Men and Women in the Deaconate and in the Service of Communion

When the church enacted our “new” constitution in 1990, one aim was to clarify the role of men and women in relationship to the eldership and the deaconate. There are two offices in the New Testament: elders and deacons. Our constitution represents the view that spiritual men bear the responsibility of the eldership of the church, while men and women are called to be deacons.

Section 4a says, “The Deacons shall be both men and women, both Vocational Ministers and Lay Deacons.” Section 5a says, “The Council of Elders shall be composed of men, both Lay Elders and Vocational Elders.” The distinction is based on New Testament teaching. While not everyone at Bethlehem believes that elders should be only men, and not everyone believes that deacons should include women, the great majority at the church embraced this understanding of what the New Testament teaches.

The distinction between the two offices is owing to the New Testament teaching that the governing and teaching office of the church is to be the responsibility of spiritual men (1 Timothy 2:12). Elders are distinguished from deacons in just these two ways: elders bear the responsibility to govern and teach the church (1 Timothy 3:2; 5:17). They are, among other things, the doctrinal guardians and overseers of the body (Titus 1:9). Deacons, on the other hand, are not charged with the teaching and governing responsibility. This is why historically there has been a male and female deaconate.

Traditionally, at Bethlehem deacons have served communion. When the new constitution embraced the office of “elder,” the elders began to share in serving the bread and cup. The assumption was that when women deacons were in place, they would also share in this ministry at the table.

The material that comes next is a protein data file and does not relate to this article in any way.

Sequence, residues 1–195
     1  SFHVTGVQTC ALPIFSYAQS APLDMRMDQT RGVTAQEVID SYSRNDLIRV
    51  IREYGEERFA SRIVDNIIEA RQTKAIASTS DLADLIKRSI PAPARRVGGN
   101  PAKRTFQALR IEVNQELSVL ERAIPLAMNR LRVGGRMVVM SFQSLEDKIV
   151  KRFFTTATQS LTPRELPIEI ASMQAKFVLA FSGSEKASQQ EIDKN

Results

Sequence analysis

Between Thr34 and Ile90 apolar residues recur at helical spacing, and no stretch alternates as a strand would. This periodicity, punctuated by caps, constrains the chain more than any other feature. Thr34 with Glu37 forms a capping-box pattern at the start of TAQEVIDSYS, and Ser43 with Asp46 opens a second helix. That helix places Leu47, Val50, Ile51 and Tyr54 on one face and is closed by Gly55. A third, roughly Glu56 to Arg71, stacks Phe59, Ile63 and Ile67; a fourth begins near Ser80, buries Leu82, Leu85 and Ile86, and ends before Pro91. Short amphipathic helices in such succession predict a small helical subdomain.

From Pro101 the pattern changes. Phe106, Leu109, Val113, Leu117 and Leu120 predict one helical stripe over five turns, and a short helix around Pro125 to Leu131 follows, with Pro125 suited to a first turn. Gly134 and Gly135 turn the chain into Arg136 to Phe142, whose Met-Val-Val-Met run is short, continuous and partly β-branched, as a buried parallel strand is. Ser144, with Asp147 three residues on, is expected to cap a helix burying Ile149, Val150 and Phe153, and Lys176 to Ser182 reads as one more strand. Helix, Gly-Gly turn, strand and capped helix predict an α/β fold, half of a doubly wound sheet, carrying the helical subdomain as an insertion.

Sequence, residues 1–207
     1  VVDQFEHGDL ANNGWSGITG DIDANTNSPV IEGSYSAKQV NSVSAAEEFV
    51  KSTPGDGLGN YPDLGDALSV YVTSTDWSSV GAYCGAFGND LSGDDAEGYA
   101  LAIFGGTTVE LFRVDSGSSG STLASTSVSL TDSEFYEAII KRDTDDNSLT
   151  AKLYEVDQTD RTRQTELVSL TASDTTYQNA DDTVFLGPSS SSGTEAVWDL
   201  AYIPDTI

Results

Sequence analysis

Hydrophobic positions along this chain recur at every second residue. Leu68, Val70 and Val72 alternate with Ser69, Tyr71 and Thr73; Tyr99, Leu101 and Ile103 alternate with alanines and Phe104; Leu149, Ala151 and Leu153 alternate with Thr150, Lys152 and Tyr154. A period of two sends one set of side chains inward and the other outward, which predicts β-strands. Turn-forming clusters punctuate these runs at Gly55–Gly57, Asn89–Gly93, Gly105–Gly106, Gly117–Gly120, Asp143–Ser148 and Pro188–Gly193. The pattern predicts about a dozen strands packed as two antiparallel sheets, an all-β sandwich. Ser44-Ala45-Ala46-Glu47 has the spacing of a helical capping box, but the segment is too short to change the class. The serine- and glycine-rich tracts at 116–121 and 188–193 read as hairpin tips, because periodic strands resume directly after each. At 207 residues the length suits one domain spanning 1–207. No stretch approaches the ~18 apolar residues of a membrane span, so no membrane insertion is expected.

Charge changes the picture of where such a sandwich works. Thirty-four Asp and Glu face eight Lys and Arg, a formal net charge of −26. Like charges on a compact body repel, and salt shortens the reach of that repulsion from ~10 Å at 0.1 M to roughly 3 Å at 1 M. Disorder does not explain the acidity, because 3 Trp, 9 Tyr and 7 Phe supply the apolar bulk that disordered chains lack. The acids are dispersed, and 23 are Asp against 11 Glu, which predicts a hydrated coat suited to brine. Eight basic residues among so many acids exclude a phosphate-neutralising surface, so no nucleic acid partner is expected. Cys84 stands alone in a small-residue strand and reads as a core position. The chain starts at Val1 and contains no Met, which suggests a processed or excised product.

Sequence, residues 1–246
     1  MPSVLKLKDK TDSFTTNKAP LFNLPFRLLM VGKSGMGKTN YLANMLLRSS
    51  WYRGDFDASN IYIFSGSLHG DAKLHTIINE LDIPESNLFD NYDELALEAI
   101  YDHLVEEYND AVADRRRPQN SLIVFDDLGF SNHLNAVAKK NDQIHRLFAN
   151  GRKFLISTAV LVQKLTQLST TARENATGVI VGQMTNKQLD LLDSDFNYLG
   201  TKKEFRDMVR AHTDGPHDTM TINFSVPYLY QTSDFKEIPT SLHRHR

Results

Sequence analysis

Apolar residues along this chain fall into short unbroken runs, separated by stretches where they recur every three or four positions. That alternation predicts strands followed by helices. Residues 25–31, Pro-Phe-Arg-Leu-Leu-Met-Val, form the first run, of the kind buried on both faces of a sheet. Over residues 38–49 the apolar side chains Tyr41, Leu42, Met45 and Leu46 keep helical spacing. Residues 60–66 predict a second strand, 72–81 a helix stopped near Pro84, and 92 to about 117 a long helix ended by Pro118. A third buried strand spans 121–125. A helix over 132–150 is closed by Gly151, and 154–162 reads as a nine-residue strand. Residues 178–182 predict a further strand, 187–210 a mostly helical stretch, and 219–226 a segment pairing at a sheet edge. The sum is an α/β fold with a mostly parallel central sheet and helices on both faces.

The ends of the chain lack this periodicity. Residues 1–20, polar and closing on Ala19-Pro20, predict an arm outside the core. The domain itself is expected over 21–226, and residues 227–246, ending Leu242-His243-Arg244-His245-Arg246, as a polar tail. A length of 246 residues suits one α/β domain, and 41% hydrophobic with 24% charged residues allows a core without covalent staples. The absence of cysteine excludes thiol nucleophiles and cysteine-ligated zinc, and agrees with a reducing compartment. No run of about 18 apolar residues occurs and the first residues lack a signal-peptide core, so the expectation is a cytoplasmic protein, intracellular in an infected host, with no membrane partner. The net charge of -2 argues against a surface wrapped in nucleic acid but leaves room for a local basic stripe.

That time has come.

Districts are gradually raising up deacons—men and women—to assist the elders in their responsibility of shepherding the flock. These deacons will now share in the serving of communion.

Our belief is that serving communion is a holy privilege. The elements take on a sacredness as we use them in the Christ-ordained practice of remembering his death and savoring his sacrifice. The bread and cup should be handled by clean hands—not perfect hands, since there aren’t any of those, but rather hands that the new Testament describes as “blameless” or “above reproach” (1 Timothy 3:10). We symbolize that sacredness by making the distribution of the elements on Sunday morning the responsibility of deacons and elders—the people who have been tested and found to fulfill the qualifications of 1 Timothy 3:1-13.

Pray for your elders and deacons. Together they care for your souls in more ways than you probably know. We will one day give an account to God (Hebrews 13:17), and teachers “will incur a stricter judgment” (James 3:1).

Trembling and glad to be a teaching elder
With all the deacons and elders of Bethlehem,

Pastor John

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